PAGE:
When your guests ask what’s for dinner, tell them marigolds, pansies and nasturtiums. We are all familiar with herbs in our foods and now we’re seeing edible flowers — which were a big thing in the Victorian days — coming back into fashion. It’s proving to be more than a passing fad.
Many innovative chefs and home cooks garnish their entrees with flower blossoms for a touch of elegance. When using edible flowers, the key is keeping the dish simple so you’ll enjoy the delicate flower tastes.
Deborah Cospella is a certified chef who uses edible flowers in her entrees. She will show you flowers to please your palate and teach you how to use them at 2:30 p.m. Saturday at the Springs Preserve, 333 S. Valley View Blvd. Call 822-7786 to reserve your seat and for planning purposes so guests can sample the entrees.
The rise of edible flowers in our meals is concurring with the advent of the organic health food movement. We want to eat and grow our own fresh produce in lieu of ingesting inferior fast foods and commercially produced ingredients made hundreds of miles away.
Flowers are tasty, fresh and couldn’t be more local than if they came straight from your garden. Cookbooks are popping up in bookstores that show how to use flowers for eating, rather than just enjoying their beauty.
Growing edible flowers is the same as growing flowers for ornamental purposes. These pesky plants love a well-drained open friable soil tucked under a blanket of mulch to keep them warm through the winter. The warmth will keep them producing flowers through the colder months. Mulch also conserves moisture, reduces weeds and reduces soil splashing onto your desired flowers.
Let’s go right to harvesting these unusual edibles.
Flavor will vary because of growing conditions and varieties, so expect different tastes than what you might be accustomed to. Do your own taste test before harvesting large amounts of flowers; you may have to wait until they finish maturing. Avoid flowers not fully opened and discard those past their prime. It’s best to harvest early in the morning to get the greatest taste. If you harvest more than you need, place flowers in plastic bags with damp paper towels and store in a refrigerator to maintain their quality.
Pollen may ruin a flower’s true flavor, so remove the pistils and stamens. It also will reduce chances of allergic reactions. Remove sepals of all flowers except violas, Johnny-jump-ups and pansies. The white base of flower petals such as chrysanthemums, dianthus, marigolds and roses have a bitter taste, so remove the white base.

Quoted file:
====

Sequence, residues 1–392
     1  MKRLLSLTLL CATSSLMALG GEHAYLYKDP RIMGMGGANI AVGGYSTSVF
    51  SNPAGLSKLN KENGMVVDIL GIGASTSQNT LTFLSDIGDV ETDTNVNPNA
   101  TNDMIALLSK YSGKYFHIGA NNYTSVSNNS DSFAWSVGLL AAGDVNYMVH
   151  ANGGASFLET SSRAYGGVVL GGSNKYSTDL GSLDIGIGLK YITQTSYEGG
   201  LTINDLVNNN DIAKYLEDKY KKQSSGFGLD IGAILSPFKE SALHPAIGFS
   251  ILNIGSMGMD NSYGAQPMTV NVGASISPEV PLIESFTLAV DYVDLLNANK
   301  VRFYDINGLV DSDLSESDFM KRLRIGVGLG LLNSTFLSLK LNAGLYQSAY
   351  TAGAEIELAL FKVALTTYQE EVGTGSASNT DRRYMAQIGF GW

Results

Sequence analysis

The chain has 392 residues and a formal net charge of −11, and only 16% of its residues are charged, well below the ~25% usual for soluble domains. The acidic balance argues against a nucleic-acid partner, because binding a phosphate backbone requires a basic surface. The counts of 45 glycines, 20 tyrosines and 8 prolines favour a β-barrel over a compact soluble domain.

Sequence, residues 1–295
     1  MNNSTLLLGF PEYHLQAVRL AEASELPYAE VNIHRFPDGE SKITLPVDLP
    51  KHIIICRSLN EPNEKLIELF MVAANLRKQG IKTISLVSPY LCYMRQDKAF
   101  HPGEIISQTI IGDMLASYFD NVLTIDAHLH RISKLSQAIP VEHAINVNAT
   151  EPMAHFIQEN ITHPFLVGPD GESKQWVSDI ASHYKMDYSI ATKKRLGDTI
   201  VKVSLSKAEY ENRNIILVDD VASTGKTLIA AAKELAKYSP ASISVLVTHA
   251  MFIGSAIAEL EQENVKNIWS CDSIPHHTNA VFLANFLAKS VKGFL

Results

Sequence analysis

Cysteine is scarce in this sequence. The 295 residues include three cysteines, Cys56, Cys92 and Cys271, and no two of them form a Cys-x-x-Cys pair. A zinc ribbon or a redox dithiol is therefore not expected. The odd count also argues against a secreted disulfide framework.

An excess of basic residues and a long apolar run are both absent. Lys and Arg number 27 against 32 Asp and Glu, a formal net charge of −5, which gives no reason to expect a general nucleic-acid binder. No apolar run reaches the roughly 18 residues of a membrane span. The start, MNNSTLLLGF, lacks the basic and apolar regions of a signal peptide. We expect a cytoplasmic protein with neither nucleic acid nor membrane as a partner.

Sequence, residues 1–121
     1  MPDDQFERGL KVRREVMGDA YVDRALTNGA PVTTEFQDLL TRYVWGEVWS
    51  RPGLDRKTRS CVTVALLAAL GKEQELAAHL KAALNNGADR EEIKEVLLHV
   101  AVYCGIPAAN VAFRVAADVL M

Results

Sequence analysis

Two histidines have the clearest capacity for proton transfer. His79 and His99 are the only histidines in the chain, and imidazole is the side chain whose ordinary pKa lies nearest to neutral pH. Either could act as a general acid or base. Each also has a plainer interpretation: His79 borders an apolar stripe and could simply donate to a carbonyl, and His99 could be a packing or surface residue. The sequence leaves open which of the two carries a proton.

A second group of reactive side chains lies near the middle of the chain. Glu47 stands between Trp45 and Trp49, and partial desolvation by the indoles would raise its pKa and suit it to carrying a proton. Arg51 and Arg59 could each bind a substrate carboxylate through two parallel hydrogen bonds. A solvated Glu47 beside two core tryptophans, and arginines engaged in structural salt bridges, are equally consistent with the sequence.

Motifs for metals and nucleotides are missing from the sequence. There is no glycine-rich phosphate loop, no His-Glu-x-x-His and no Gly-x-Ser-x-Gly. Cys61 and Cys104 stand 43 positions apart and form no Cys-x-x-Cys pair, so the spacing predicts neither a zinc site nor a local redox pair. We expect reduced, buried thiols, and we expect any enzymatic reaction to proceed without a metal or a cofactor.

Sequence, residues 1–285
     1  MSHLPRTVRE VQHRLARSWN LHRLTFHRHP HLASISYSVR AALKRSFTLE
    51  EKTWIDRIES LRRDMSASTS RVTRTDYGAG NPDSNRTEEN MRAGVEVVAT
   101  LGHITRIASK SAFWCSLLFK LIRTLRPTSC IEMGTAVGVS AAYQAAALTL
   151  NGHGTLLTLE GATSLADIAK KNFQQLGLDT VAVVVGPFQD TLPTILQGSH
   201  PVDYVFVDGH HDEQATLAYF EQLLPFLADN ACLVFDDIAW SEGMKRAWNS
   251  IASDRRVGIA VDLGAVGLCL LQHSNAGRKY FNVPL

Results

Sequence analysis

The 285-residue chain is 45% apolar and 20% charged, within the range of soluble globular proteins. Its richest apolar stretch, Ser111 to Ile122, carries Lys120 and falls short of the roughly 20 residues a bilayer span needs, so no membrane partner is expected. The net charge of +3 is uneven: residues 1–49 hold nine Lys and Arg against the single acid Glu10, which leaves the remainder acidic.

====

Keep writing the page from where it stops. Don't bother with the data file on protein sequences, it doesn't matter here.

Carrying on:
You also can preserve fresh flowers for later use if you keep them in airtight containers in a cool, dark place. Avoid dark-colored petals, because they have a tendency to turn even darker.
Flowers can deteriorate quickly. They wilt or become mushy if cooked too long or drowned in heavy sauces. Many recipes call for adding flowers just before serving your meal.
Note what plants you can grow to enjoy their flowers: anise, artichoke, borage, calendula, chervil, chive, coriander, day lily, garlic, garden mum, hyssop, lavender, nasturtium, pea, pineapple guava, okra, oregano, pansy, rosemary, rose of Sharon, sage, snap dragon, squash, sunflower thyme, tulip, viola and yucca.
Three very important things you need to remember: 1. Not every flower is edible. In fact, some flowers can make you sick. 2. Never use pesticides on plants you intend on eating. 3. Use flowers sparingly, because digestive complications can occur if you consume too much.
Here are some ideas for your edible flower landscapes:
■ Put pots of herbs and flowers on your patio to move around and show off. Grow them in hanging baskets.
■ Grow nasturtium, violas or calendula and use flowers in salads.
■ Grow red-jewel cabbage with the traditional green varieties.
■ Plant colorful pepper varieties alongside flowers.
■ Tuck lettuce, or other short-lived greens, into a flowerbed.
■ Try “rainbow” chard with your calendulas.
■ Grow chives around the mailbox with tulips.
The following plant combinations work well:
■ Curly parsley and yellow pansies (violas).
■ Red leaf lettuce with yellow and orange calendulas.
■ Dwarf curly kale with dusty miller and dianthus.
Linn Mills writes a garden column each Sunday. You can reach him at firstname.lastname@example.org or call him at 822-7754.